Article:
Updated: Major PV energy provider, SunEdison, has added Gujarat, India to the list of potential sites for its plans to become a fully integrated PV manufacturer.
The US-based fabless photovoltaics energy provider (PVEP) said in a stateent that it had signed a memorandum of understanding (MoU) with Indian conglomerate, Adani Enterprises to establish a joint venture (JV) fully integrated (polysilicon to module) manufacturing cluster in Mundra, Gujarat at a cost of around US$4 billion.
Adani Enterprises operates coal mines, power stations, grids and ports in India and has plans to tap coal reserves in Australia.
The MOU announcement was made on the sidelines of Prime Minister Narendra Modi hosting an investment summit, Vibrant Gujarat in the province Sunday, November 11.
“We are proud to partner with Adani Enterprises to build the largest solar photovoltaic manufacturing facility in India. This facility will create ultra-low cost solar panels that will enable us to produce electricity so cost effectively it can compete head to head, unsubsidized and without incentives, with fossil fuels.” said Ahmad Chatila, President and Chief Executive Officer of SunEdison. “By pairing SunEdison’s solar technology expertise with Adani’s extensive experience in the creation of infrastructure, we will be able to transform the region into a solar production powerhouse, creating 4,500 direct jobs and over 15,000 indirect jobs in the process.”
“India has embarked on an ambitious program to become a world leader in power generation from renewable technologies, and sees solar as a key part in realizing that goal,” said Vneet S Jaain, Chief Executive Officer of Adani Power Limited, a subsidiary of Adani Enterprises Ltd. “The development of the largest integrated solar manufacturing facility furthers the vision of Prime Minister Narendra Modi’s ‘Make in India’ campaign. We are happy to partner with SunEdison, a leading solar technology manufacturer to build this facility which further integrates our power – renewable business value chain and has significant socio-economic benefits.”
The Indian Prime Minister has recently made headlines around the world over plans to drastically increase PV installations across the country, raising targets from 20GW by 2022 to 100GW in the same period. The bigger ambitions were designed to attract massive investments from around the world to achieve those goals and significantly reduce chronic electricity shortages that has dogged the country for many years.
However, despite the headlines of a deal between SunEdison and Adani Enterprises, the US PVEP has already touted potential manufacturing deals in Saudi Arabia and China.
In October, 2014 Ahmad Chatila, president and CEO of SunEdison said that the company was in discussions with a potential Chinese partner to build a US$2 billion FBR (fluidized bed reactor) polysilicon plant in the country with an initial capacity of 20,000 to 30,000MT.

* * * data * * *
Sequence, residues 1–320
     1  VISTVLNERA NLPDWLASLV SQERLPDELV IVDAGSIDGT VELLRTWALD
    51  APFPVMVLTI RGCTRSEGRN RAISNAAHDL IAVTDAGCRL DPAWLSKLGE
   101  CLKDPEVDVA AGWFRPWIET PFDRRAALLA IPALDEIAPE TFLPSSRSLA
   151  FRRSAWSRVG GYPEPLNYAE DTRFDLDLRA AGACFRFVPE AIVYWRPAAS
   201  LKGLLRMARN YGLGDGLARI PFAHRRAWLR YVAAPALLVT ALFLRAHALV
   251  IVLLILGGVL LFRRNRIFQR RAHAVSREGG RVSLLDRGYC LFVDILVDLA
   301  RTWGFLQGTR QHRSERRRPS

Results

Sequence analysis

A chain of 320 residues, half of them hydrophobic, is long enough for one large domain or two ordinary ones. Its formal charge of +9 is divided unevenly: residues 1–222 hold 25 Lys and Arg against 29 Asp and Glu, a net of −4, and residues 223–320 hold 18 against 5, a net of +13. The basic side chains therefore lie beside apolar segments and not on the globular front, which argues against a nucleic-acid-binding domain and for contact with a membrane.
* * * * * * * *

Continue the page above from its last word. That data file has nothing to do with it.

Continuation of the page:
In February, 2014 SunEdison said it was undertaking a feasibility study with the Government of Saudi Arabia on establishing a fully integrated PV manufacturing complex, including polysilicon production through to module assembly in the country at an estimated cost of US$6.4 billion.
Currently, SunEdison has relied on outsourced solar cell and module production to meet its in-house PV project pipeline and recent move into the residential PV market in the US and UK. The company had been a major polysilicon producer and wafer producer until spinning off SunEdison Semiconductor in a separate IPO.
Ambitions to establish fully integrated in-house production was driven by cost competitive and demand to supply related issues as well as supply chain issues over US and EU anti-dumping duties.
India is not affected by anti-dumping duties, neither is Saudi Arabia. Many Chinese manufacturers have been considering establishing PV manufacturing plants outside China, including Malaysia, Mexico and within the US to avoid duties.
JV review period
In an official statement, SunEdison noted that it would be undertaking a study to determine the viability of the project and JV during the first half of 2015. Should the study successfully determine the viability of the MOU plan, SunEdiosn said that elements of the project could start soon after.
SunEdison noted that individual manufacturing elements would potentially ramp at different stages through the expected three year construction phase, which would enable key production lines to come online before the entire facility is finished, enabling a faster ramp and job creation.
Therefore, as a typical polysilicon plant (dependent on scale & technology) can take as long as three years to build and start ramping production, it would seem realistic to expect module, cell and wafering operations to potentially be built and operated first, finishing with long-term support from the polysilicon plant.
However, SunEdison has yet to announce further developments in respect to the feasibility study and business plans previously announced in Saudi Arabia and China.